According to the National Institute of Mental Health, about 6.7 percent of Americans experience depression every year.
That's over 20 million people who regularly feel empty, hopeless, or tired.
It's a mental health problem, but it's also an economic one. By one estimate, depression costs US companies more than $80 billion a year, mainly due to lost productivity.
While depression has many risk factors--from genetics to time of the year to family situation--a person's work is one of them.
Not all jobs are associated with the same mental health risks.
A 2014 study found that people who work in public transit, real estate, or social work are the most likely to develop depression. But we should note that it's hard for studies like this to pin down if it's that certain jobs make people more depressed or that people already prone to depression are just likelier to end up in those jobs; it could very well be a combination.
Led by University of Cincinnati psychiatry professor Lawson Wulsin, the study drew from three years of insurance claims data for 214,000 people in western Pennsylvania employed across 55 industries.
"Industries with the highest rates tended to be those which ... require frequent or difficult interactions with the public or clients, and have high levels of stress and low levels of physical activity," write Wulsin and his colleagues.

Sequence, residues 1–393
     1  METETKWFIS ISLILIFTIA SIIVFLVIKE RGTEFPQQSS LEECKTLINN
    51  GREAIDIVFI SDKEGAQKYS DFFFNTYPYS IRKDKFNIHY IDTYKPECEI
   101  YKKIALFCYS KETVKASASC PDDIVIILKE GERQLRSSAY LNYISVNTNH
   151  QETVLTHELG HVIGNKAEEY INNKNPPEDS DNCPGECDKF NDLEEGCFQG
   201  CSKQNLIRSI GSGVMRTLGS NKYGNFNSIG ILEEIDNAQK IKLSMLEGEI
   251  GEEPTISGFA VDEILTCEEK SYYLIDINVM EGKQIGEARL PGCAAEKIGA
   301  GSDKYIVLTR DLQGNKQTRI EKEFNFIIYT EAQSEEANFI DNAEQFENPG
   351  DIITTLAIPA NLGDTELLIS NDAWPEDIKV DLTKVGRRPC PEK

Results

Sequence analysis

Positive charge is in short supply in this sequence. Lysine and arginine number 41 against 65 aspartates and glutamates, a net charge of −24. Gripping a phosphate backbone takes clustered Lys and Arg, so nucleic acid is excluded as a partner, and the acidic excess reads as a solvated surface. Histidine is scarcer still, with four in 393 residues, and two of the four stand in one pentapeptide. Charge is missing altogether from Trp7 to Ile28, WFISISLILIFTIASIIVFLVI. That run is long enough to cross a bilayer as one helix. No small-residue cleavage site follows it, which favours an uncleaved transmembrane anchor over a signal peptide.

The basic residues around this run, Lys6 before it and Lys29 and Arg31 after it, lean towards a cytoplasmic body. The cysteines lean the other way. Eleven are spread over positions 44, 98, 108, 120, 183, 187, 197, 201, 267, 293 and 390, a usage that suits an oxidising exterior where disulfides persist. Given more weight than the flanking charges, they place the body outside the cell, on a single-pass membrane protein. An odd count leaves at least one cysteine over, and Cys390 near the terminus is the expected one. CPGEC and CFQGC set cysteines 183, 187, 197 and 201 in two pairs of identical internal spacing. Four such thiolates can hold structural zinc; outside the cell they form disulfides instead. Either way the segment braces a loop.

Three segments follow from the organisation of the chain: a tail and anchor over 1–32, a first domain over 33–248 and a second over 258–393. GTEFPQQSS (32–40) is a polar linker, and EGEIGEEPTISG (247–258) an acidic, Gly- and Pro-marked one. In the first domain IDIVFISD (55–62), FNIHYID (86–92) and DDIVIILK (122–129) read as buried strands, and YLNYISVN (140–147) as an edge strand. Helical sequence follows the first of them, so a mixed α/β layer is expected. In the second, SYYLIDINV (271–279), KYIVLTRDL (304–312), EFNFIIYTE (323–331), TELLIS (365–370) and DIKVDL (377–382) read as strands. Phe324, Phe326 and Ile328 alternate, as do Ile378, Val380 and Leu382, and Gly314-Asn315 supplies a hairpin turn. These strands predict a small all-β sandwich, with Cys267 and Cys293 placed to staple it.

In this population, industry depression rates ranged from 6.9 percent to 16.2 percent, with an average of 10.45 percent.
As we've noted before, the study found that the industries with the highest rates of depression are:
1. Local/Intercity Passenger Transit-- 16.19 percent
2. Real Estate-- 15.65 percent
3. Social Services-- 14.60 percent
4. Miscellaneous Manufacturing Industries-- 14.25 percent
5. Personal Services-- 14.25 percent
6. Legal Services-- 13.44 percent
7. Environmental Quality/Housing-- 13.42 percent
8. Membership Organizations-- 13.28 percent
9. Security and Commodity Brokers-- 12.60 percent
10. Printing and Publishing-- 12.43 percent
Of course, these stats are taken from a sample of western Pennsylvania. We can't assume that trends in that region will generalize to the US, and certainly not to the world. (Coal mining, for example, was associated with the highest risk for suicide in a study of British workers, "but in Western Pennsylvania, coal miners had amongst the lowest rates of treated depression," Neuroskeptic pointed out in the Discover blog post.)
But that isn't to say that this study is inconsequential. Rather, there's more research to be done.
If you think you may be experiencing depression, check the list of symptoms at the National Institute of Mental Health or do an intake visit a counselor, therapist, or other mental health professional.